The U.S. government knew the balloons were coming. On November 4, 1944, a United States Navy patrol craft discovered one of the first fire balloons floating off San Pedro, Los Angeles. Later more were found in Wyoming and Montana. However, officials didn’t want to panic the public nor let the Japanese know the balloons were reaching the mainland. The Office of Censorship sent a message to newspapers and radio stations asking them to make no mention of the balloons and balloon-bomb incidents. After the deaths of Elyse and the children, citizens were finally told to watch out for balloon bombs.
Hundreds of dangerous fire balloons land throughout the United States
In all, the balloons arrived in Oregon, Kansas, Iowa, British Columbia, Saskatchewan, Manitoba, Alberta, the Yukon, Northwest Territories, Washington, Idaho, South Dakota, Nevada. In Nevada, one landed near Yerington and was discovered by cowboys who cut it up and used it as a hay tarp. Another was found by a prospector near Elko who delivered it to local authorities on the back of a donkey. A P-38 Lightning shot one of the balloons out of the air near Santa Monica and bits of washi paper were found scattered in the streets of Los Angeles.
On February 1, 1945, a Japanese bombing balloon was spotted by several local residents drifting over the Trinity National Forest area and slowly falling towards the ground. No one knew what it was, but an alert forest ranger called the military authorities and reported it. Meanwhile, the balloon came to rest atop a 60-foot dead fir tree in the forest near a local road. In the next few hours several people gathered in the area to gaze up at the strange object.
Shortly after dark there was a tremendous blast. The balloon’s gas bag disappeared in a fireball and the balloon’s undercarriage came crashing to the ground. Fortunately, no one was hurt. Forest rangers kept the curious well away from the fallen debris until Army personnel could arrive and contain the situation. Upon examination, it was found to be a Japanese bombing balloon with four incendiary bombs and one high explosive bomb still attached. It later proved to be one of the most intact bombing balloons yet to fall into American hands. Locals who witnessed the event were told what the device was, the danger it presented, and were asked to keep secret what they had seen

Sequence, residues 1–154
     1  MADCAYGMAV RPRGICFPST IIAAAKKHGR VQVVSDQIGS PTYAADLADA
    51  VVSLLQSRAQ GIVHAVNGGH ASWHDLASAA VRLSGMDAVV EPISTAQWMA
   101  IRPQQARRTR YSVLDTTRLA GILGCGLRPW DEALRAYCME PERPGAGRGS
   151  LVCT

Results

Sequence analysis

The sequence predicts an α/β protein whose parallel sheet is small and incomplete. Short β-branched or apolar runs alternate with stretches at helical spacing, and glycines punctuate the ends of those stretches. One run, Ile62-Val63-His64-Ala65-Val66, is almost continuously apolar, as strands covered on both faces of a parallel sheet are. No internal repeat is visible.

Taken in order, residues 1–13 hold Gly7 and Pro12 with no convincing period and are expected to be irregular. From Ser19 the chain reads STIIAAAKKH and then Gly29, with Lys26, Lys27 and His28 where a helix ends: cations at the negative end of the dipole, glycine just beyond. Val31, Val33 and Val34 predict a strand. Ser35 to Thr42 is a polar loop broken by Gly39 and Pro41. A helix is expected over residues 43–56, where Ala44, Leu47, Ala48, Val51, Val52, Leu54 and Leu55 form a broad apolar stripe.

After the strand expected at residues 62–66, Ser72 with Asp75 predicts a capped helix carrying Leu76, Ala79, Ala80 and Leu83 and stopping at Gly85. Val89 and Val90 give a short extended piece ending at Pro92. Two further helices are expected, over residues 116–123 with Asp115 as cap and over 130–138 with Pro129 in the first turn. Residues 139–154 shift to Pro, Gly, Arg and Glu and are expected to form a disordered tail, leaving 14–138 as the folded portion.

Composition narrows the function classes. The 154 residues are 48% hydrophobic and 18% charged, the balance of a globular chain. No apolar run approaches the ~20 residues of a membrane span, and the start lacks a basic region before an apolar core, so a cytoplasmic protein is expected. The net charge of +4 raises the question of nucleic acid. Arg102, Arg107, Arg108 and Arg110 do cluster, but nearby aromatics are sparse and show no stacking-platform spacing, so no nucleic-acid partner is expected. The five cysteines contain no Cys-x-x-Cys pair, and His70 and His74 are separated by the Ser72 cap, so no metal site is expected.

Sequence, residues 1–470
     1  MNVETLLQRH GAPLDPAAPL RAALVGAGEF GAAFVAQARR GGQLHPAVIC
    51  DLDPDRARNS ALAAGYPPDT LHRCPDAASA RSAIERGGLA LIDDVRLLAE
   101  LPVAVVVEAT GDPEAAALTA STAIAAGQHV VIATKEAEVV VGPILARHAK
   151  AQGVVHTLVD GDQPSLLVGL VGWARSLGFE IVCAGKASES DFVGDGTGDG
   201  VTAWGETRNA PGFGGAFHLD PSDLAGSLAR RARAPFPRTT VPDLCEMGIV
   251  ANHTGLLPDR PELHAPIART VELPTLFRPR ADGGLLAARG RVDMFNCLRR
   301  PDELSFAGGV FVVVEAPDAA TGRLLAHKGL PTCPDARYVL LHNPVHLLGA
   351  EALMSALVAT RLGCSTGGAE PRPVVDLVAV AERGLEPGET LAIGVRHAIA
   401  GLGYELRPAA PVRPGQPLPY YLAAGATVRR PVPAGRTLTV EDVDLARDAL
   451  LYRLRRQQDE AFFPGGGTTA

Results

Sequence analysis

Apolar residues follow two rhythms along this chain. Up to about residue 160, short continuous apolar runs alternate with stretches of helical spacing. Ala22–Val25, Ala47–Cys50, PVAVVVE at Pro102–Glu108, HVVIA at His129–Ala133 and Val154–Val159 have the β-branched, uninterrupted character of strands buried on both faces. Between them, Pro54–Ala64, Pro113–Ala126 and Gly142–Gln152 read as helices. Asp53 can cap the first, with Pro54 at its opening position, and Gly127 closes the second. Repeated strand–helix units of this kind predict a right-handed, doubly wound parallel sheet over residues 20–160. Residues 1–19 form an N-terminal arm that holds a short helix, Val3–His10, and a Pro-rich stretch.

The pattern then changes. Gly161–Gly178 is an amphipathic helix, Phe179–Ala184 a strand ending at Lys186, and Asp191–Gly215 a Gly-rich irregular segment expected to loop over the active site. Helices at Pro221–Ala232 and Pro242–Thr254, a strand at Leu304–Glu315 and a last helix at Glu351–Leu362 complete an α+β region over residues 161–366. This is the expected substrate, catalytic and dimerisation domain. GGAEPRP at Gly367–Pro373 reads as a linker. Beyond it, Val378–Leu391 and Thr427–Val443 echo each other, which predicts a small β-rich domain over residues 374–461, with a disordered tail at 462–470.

Ironically, on March 10, 1945, one of the last paper balloons descended in the vicinity of the Manhattan Project’s production facility at the Hanford Site. This balloon entangled in nearby power lines, which supplied electricity for the nuclear reactor cooling pumps, and shorted out the circuits. Backup safety devices restored power almost immediately and the plant continued to produce the plutonium for the bombs that the USA would soon drop on Hiroshima and Nagasaki.
That last balloon-bomb was discovered in October 2014 in Lumby, British Columbia. It was detonated by a Royal Canadian Navy ordnance disposal team.
Elyse Mitchell is buried in the Ocean View Cemetery in Port Angeles, Washington. A memorial, the Mitchell Monument, is located at the point of the explosion, 68 miles northeast of Klamath Falls in the Mitchell Recreation Area.
The six victims
Mrs. Elsie Mitchell……….. Age 26
Jay Gifford………………….. Age 13
Edward Engen …………….. Age 13
Dick Patzke…………………. Age 14
Joan Patzke…………………. Age 13
Sherman Shoemaker…….. Age 11
Check out pictures of the Japanese Fire Balloons in the pictorial gallery below.